Issues from the surveillance society to armed conflict get the spotlight in the Contact Photography Festival’s 2012 outing, which is themed on ideas of the public. As usual, there’s lots to see, making the festival difficult to navigate even for people familiar with it. (Disclosure: I’m one of these people, as a close friend of mine works at Contact.) With more than 200 exhibitions and events on the go, here’s what I’m planning to see.
Street View and Public at MOCCA and UTAC, April 28 to June 30
Each year, Contact does some primary exhibitions meant to sum up its themes and bring out the famed names, operating almost like a Coles Notes of the fest’s intent. This year the big thematic shows include “Street View” and “Public: Collective Identity / Occupied Space” at MOCCA and UTAC. Featuring black and white street-based work by photographic greats Henri Cartier-Bresson, Helen Levitt and Weegee, “Street View” is on in the National Gallery’s space at MOCCA. “Public,” for its part, updates the public-scene tradition by showing off prints from Ai Weiwei, Richard Mosse, Bill Sullivan and 13 other artists at MOCCA’s mainspace, as well as at UTAC.
Berenice Abbott at the AGO, May 23 to August 19
Pitched as another primary exhibition for Contact, “Berenice Abbott: Photographs” will provide the first major Canadian exhibition of the work of this prominent American photographer. Known for bridging elegant formal concerns with social documentary content, Abbott’s work spans Man Ray–style surrealism in the 1920s through to Works Progress Administration projects in the 1930s and beyond. Co-organized by Paris’ Jeu de Paume and Toronto’s Ryerson Image Centre, this is one show photo aficionados will not want to miss.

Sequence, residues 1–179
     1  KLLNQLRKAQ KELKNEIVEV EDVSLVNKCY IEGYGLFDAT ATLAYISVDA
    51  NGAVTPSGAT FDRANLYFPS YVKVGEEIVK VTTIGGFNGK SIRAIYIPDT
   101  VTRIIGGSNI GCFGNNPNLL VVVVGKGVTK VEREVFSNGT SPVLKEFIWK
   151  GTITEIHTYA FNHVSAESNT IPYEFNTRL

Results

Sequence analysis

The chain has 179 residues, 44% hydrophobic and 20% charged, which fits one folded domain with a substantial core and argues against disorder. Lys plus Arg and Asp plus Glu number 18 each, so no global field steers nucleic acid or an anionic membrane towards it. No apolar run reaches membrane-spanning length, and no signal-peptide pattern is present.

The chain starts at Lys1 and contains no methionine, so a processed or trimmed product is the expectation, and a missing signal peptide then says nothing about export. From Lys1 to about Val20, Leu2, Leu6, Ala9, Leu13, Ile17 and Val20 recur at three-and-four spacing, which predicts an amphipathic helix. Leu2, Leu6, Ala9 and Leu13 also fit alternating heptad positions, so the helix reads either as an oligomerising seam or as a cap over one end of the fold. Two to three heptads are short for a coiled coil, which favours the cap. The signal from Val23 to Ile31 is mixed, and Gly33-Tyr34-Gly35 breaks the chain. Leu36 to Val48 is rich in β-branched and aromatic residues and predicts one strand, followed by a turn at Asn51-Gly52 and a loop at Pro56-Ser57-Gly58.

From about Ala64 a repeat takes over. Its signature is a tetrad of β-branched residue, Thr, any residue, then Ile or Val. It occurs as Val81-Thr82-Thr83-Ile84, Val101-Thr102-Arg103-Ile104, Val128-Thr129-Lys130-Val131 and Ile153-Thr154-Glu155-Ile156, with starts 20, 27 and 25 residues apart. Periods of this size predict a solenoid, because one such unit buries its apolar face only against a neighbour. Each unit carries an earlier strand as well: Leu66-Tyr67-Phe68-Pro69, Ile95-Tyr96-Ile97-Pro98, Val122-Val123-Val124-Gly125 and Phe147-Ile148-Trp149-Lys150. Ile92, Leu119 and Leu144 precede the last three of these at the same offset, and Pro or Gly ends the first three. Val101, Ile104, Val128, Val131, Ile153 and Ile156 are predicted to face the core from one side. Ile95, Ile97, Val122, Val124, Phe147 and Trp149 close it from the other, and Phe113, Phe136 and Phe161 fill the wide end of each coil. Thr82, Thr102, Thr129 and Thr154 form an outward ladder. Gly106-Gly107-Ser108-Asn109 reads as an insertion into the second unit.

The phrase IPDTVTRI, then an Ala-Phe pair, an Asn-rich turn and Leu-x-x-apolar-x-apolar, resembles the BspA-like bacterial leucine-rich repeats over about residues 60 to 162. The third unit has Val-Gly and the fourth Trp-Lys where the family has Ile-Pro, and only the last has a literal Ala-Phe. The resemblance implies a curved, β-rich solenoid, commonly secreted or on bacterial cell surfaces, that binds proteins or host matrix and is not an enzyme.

Public Installations across Toronto and Canada, April 25 to September 9
Contact’s public installations program, which brings fine art to billboards and murals across Toronto (and, since last year, across Canada) is a consistent highlight of the festival. This year, a couple of projects—like Melanie Manchot’s The Continuous Still, which contrasts archival photos of the Distillery neighbourhood with present-day recreations, and Max Dean’s Album, which redistributes abandoned photo albums–speak to the deep meaning of supposedly “everyday” photographic forms, investing private photographs with public weightiness. Some other projects—like Scott McFarland’s mural of a repatriation procession for a fallen Canadian soldier and Tim Hetherington’s billboards of sleeping American airmen—suggest the intimate, private experiences behind the publicly funded conflicts in Afghanistan. These contrasting pairings of mood and strategy promise to be potent.
Suzy Lake at Georgia Scherman Projects, April 20 to May 26
Suzy Lake’s survey at UTAC was one of the high points of Contact 2011 (and possibly the year), spotlighting a practice that is at once conceptually tight and romantically lush, politically engaged and personally vulnerable. Though this commercial-show follow-up at Georgia Scherman can’t promise the same scope of production, it does bring out two never-before-shown early series of work: Imitations of Myself and Suzy Lake as Françoise Sullivan. And that should be enough for Lake’s growing (and well-deserved) fan base.
Jon Rafman at Angell Gallery, May 3 to June 2